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[368] Nibus written upon it; and the omnibus, he remarks, typifies Asso-Ciation, the simple but grandly fruitful idea which is destined to renovate the world of industry and production, substituting abundance and comfort for penury and misery. For Man, he thought, this quickening word is yet seasonable; for Venice, it is too late.

Rome our hurrying traveler reached through much tribulation. Even his patience gave way when the petty and numberless exactions of passport officials, hotel runners, postilions, and porters, had wrung the last copper from his pocket. After he and his fellow-passengers had paid every conceivable demand, when they supposed they had bought off every enemy, and had nothing to do but drive quietly into the city, ‘our postilion,’ says the indignant traveler, ‘came down upon us for more money for taking us to a hotel; and as we could do no better, we agreed to give him four francs to set down four of us (all the Americans and English he had) at one hotel. He drove by the Diligence Office, however, and there three or four rough customers jumped unbidden on the vehicle, and, when we reached our hotel, made themselves busy with our little luggage, which we would have thanked them to let alone. Having obtained it, we settled with the postilion, who grumbled and scolded, though we paid him more than his four francs. Then came the leader of our volunteer aids, to be paid for taking down the luggage. I had not a penny of change left, but others of our company scraped their pockets of a handful of coppers, which the “facchini” rejected with scorn, throwing them after us up stairs (I hope they did not pick them up afterwards), and I heard their imprecations until I had reached my room, but a blessed ignorance of Italian shielded me from any insult in the premises. Soon my two light carpet-bags, which I was not allowed to carry, came up with a fresh demand for porterage. “Don't you belong to the hotel?” “Yes.” “Then vanish instantly!” I shut the door in his face, and let him growl to his heart's content; and thus closed my first day in the more especial dominions of His Holiness Pius IX.’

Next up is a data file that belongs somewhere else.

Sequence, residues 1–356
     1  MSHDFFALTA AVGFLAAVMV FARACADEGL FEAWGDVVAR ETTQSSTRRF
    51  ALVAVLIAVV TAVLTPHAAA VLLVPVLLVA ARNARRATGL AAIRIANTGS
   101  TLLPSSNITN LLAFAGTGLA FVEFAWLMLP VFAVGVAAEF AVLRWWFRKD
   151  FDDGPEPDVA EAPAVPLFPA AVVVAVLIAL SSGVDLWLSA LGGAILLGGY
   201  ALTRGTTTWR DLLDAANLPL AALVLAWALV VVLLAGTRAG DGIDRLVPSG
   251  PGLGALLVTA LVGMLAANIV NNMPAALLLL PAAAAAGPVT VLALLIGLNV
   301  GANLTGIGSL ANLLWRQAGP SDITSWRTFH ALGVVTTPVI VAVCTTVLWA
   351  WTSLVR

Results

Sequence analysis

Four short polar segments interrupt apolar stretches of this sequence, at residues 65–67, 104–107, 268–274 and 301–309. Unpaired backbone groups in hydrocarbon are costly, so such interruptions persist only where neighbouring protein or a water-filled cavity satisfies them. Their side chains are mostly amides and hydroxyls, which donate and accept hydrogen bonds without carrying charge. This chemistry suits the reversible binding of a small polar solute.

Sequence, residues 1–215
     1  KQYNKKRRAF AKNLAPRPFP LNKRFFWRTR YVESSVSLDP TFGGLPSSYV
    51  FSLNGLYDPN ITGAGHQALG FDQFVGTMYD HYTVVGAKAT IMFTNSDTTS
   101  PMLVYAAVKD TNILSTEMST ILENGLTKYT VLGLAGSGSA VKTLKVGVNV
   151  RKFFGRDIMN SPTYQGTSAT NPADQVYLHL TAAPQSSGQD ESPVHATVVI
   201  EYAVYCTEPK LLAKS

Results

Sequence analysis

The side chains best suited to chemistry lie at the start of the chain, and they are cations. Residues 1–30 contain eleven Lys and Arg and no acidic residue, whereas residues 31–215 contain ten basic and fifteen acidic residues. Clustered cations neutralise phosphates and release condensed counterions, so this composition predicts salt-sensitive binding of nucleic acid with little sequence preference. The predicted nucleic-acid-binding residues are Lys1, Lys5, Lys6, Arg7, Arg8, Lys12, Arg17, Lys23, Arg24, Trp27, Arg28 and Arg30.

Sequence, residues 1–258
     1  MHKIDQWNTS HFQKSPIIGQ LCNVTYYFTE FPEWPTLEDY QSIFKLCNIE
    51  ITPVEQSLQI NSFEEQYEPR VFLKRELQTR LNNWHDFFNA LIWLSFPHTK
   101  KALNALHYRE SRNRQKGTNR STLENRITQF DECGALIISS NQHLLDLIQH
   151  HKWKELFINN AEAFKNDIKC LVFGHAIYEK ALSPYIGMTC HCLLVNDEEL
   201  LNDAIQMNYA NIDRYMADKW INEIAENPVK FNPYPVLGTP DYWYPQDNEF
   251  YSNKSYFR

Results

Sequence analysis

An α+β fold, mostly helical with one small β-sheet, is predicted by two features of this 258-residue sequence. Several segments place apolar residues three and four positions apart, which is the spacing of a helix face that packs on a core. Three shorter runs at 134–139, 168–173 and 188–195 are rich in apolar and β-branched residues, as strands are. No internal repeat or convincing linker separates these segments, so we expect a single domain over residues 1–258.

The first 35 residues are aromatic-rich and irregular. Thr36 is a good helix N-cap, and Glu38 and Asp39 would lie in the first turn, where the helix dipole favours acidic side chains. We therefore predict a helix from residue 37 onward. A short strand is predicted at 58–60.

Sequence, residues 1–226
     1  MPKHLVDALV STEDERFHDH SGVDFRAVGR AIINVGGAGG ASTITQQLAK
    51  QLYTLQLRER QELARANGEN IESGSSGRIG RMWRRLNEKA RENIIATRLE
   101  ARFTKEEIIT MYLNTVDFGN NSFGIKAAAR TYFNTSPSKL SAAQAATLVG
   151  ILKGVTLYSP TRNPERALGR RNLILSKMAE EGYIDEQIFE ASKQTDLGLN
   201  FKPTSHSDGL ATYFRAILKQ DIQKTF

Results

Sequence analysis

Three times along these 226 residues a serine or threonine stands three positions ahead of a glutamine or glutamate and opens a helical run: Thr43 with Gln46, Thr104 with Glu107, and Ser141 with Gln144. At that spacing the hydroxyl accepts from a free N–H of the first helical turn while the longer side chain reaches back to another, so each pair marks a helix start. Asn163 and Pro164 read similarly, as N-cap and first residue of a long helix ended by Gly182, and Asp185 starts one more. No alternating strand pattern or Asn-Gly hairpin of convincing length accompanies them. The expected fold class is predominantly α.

But he was in Rome, and Rome impressed him deeply; for, in the nature of Horace Greeley, the poetical element exists as undeniably as the practical. He has an eye for a picture and a prospect, as well as for a potato-field and a sub-soil plough.

The greater part of his week in Rome was spent in the galleries

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